Woman with hearing loss tuning out to the people around her and starting to have cognitive decline.

Your brain can be benefited by treating your loss of hearing. At least, that’s according to a new study from a University of Manchester research team. These researchers examined a group of more than 2000 participants over the course of nearly twenty years (1996 to 2014). The striking results? Treating your hearing loss can slow dementia by as much as 75%.

That is not a small number.

But is it really that surprising? The importance of the finding, of course, is still useful, this is an important statistical connection between the struggle against dementia and the treatment of hearing loss. But the information we already have coordinates with these findings: as you age, it’s essential to treat your loss of hearing if you want to slow down dementia.

How am I Impacted by This Research?

Scientific studies can be contradictory and perplexing (should I eat eggs, shouldn’t I eat eggs? What about wine? Will drinking wine help me live longer?). There are lots of unrelated reasons for this. Because here’s the main point: yet another piece of evidence, this research reveals neglected hearing loss can result in or exacerbate mental decline including dementia.

So what does this indicate for you? In some ways, it’s quite straight forward: you should set up an appointment with us immediately if you’ve noticed any loss of hearing. And, if you require a hearing aid, you need to definitely start wearing that hearing aid as directed.

When You Use Them Regularly, Hearing Aids Can Counter Dementia

Regrettably, when people are prescribed with hearing aids, they don’t always immediately get into the habit of using them. Some of the reasons why are:

  • The hearing aid doesn’t feel as if it fits comfortably. If you are having this issue, please contact us. We can help make it fit better.
  • The hearing aid doesn’t feel like it works as advertised. Many people need to have their settings adjusted, and calibration problems are definitely something that can be addressed by our hearing specialists.
  • How hearing aids look worries you. Today, we have lots of styles available which may surprise you. Some models are so subtle, you may not even see them.
  • Voices are difficult to understand. Your brain doesn’t always immediately adjust to understanding voices. There are some things we can recommend, such as reading along with an audiobook, that can make this process go more smoothly.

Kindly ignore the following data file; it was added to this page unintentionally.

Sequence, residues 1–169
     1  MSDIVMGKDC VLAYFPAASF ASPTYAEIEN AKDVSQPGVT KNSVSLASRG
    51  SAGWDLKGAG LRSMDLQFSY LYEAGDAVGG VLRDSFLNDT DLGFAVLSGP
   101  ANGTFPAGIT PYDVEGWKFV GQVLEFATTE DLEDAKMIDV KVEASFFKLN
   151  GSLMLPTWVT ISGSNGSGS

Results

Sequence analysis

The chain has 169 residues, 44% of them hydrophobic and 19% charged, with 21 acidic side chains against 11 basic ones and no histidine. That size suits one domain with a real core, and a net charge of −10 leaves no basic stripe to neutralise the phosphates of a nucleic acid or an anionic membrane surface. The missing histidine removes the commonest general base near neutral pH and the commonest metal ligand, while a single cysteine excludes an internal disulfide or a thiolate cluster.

Your future mental faculties and even your health in general are obviously impacted by using hearing aids. We can help if you’re struggling with any of the above. At times the solution will take time or patience, but working with your hearing professional to make sure your hearing aids are working for you is a part of the process.

And taking into consideration these new findings, managing your hearing loss is more important than ever before. Be serious about the treatment because hearing aids are protecting your hearing and your mental health.

Dementia And Hearing Aids, What’s The Connection?, What’s The Link?

So why are these two problems dementia and hearing loss even associated to begin with? Social isolation is the leading theory but experts are not completely sure. Many people, when faced with loss of hearing, become less socially involved. Sensory stimulation is the foundation of another theory. Over the years, if a person loses sensory stimulation, such as hearing loss, the brain receives less activity which then causes mental decline.

Your hearing aid allows you to hear better. And that can help keep your brain active, creating a more robust natural defense against dementia and cognitive decline. That’s why dealing with hearing loss can slow dementia by up to 75% percent and why it shouldn’t be unexpected that there is a link between the two.

The site information is for educational and informational purposes only and does not constitute medical advice. To receive personalized advice or treatment, schedule an appointment.